Wolff: 'Common sense' buffer missing in Hamilton DRS disqualification

Mercedes boss Toto Wolff says the lack of a ‘common sense’ buffer over Lewis Hamilton’s qualifying exclusion for Formula 1’s Brazilian Grand Prix has triggered a new car repair precedent.

Wolff: 'Common sense' buffer missing in Hamilton DRS disqualification

Hamilton lost his pole position from Friday’s qualifying at the Brazilian Grand Prix after his DRS was discovered to have a slot gap between the wing elements that was 0.2mm wider on one side of the car than the rules allow.

Mercedes has been unable to launch a detailed investigation in to what caused the problem, but believes some damage, potentially just a loose screw, triggered the issue.

Wolff is clear that, in the past, teams have been allowed to make repairs to broken car components in parc ferme conditions if problems surface that could trigger an inadvertent rules breach.

But he says that for some reason, the refusal of the FIA’s technical department to allow Mercedes to address the DRS damage post-session, and instead report the matter straight to the stewards, has resulted in a new protocol.

“I don't want to pick out any individuals, because everybody tries to do the best possible job in their role, but something went against the modus operandi in these last 24 hours,” said Wolff about the series of events that triggered Hamilton’s exclusion.

“It was either under pressure from other stakeholders, or just different, and if the modus operandi is different now, you maybe need to look at others also with a more strict eye and severe eye.

“I can tell you that, in the next few races, we're going to look at every single race part and race tape that's going to fall off a car and ask questions.”

Lewis Hamilton, Mercedes W12, leaves the garage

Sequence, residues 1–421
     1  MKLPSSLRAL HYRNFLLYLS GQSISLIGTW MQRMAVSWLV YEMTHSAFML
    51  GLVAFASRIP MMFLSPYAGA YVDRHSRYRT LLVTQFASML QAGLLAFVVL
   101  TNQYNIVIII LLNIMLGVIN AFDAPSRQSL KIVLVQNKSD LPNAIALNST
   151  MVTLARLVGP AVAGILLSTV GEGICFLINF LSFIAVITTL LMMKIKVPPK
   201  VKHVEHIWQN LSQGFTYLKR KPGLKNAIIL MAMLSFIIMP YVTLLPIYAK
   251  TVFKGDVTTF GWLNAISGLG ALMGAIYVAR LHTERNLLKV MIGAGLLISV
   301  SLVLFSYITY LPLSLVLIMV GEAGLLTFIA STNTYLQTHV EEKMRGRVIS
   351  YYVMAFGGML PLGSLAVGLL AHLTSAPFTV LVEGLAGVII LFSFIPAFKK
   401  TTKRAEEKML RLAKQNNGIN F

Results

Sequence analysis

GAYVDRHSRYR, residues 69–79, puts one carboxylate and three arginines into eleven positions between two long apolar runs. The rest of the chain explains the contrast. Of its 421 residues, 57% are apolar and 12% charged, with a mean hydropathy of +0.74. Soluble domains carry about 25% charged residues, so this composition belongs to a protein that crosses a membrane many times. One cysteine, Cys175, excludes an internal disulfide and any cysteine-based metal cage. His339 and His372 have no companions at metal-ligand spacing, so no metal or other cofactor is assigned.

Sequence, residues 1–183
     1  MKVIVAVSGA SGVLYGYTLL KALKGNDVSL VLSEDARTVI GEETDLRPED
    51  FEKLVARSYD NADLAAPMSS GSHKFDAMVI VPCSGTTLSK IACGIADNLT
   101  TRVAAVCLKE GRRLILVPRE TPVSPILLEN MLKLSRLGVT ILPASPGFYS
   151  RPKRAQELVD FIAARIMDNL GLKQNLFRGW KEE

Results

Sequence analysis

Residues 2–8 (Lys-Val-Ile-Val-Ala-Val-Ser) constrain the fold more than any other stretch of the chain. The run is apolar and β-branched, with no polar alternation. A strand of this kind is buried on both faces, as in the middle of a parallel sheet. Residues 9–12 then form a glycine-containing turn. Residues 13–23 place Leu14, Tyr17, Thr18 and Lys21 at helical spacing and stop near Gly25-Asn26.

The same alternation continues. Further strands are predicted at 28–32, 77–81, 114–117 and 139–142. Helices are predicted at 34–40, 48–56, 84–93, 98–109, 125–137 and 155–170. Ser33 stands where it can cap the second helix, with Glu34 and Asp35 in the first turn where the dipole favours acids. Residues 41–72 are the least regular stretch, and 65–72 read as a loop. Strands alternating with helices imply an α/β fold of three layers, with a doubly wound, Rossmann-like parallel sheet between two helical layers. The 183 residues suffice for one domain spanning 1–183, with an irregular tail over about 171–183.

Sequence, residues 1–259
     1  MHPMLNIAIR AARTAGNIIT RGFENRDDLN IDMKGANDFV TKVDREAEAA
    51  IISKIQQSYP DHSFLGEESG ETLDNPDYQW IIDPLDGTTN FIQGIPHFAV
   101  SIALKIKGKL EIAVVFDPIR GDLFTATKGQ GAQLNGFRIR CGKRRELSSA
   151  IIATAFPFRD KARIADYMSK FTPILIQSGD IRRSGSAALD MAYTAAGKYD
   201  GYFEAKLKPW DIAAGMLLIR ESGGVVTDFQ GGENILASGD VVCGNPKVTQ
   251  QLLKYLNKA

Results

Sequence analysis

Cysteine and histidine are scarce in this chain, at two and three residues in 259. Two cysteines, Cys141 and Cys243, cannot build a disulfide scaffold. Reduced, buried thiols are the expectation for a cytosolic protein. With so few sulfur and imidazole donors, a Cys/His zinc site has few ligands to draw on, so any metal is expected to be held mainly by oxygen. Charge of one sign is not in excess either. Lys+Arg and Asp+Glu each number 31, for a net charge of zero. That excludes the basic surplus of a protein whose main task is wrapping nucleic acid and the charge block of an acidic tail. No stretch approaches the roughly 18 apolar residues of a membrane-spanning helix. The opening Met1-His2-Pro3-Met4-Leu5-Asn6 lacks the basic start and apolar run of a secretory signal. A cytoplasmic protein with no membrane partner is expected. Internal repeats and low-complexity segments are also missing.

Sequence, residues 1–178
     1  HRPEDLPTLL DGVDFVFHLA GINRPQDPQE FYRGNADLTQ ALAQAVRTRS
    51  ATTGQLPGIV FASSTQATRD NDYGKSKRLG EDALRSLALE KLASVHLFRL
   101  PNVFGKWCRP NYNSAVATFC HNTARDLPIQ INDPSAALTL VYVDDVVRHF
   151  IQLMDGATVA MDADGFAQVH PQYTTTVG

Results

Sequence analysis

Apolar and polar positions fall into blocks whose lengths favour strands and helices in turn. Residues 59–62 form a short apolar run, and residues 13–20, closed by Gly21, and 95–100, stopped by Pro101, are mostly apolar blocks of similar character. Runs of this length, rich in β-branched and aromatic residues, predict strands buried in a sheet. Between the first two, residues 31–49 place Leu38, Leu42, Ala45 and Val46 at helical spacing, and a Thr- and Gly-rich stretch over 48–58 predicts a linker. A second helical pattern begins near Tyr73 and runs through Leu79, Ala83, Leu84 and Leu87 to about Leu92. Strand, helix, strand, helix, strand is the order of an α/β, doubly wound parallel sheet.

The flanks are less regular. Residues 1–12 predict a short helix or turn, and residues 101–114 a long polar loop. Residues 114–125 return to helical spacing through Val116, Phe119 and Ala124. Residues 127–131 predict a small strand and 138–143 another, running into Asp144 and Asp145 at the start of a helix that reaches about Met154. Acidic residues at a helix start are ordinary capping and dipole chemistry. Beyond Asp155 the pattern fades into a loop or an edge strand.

Lewis Hamilton, Mercedes W12, leaves the garage

Photo by: Steve Etherington / Motorsport Images

Wolff is clear that the previous way of operating in F1, where broken aero components, bargeboards or floor bibs that could have triggered deflection test failures were taken into account, should no longer be accepted based on the Hamilton case.

“I think in a way there was a gentleman's agreement, if such a thing as a gentlemen's agreement exists in F1 because there ain't no gentlemen, but it doesn’t exist any more.

“You can have no millimetre of leniency of fixing things on a car. If it's broken, it's broken, you can't touch it. And this is how it's going to go this year.”

Wolff says the situation with the Mercedes rear wing especially annoys him because in the previous race in Mexico, Red Bull was allowed to make repairs to its rear wing when it discovered problems with them.

“You know, we've seen it with the Red Bull last weekend,” said Wolff. “We have had many bargeboards, or bib failures, that were being put back because the FIA has our CAD drawings, they have the wings.

“We wanted to leave the [Hamilton] wing with them so they can cut it in to 1000 pieces. We weren't allowed to look at the wing because it was simply damaged through the qualifying session and none of these arguments counted.”

He added: “ In the past, sometimes there was a common sense buffer that didn't exist yesterday or today. But it's all to the dot within the regulation. So you need to respect that.”

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